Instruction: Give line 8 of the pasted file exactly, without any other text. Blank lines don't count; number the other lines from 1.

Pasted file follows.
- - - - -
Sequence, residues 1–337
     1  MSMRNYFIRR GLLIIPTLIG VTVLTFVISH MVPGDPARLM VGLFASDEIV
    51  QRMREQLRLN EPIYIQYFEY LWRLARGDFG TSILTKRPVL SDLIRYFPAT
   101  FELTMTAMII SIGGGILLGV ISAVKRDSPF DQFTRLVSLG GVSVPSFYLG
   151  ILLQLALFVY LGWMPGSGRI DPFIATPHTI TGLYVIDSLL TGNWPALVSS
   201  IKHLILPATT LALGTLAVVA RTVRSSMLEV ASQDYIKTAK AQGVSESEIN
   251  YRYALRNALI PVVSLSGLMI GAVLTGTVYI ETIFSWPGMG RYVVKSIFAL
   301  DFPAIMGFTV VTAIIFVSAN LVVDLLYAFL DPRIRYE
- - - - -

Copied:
   301  DFPAIMGFTV VTAIIFVSAN LVVDLLYAFL DPRIRYE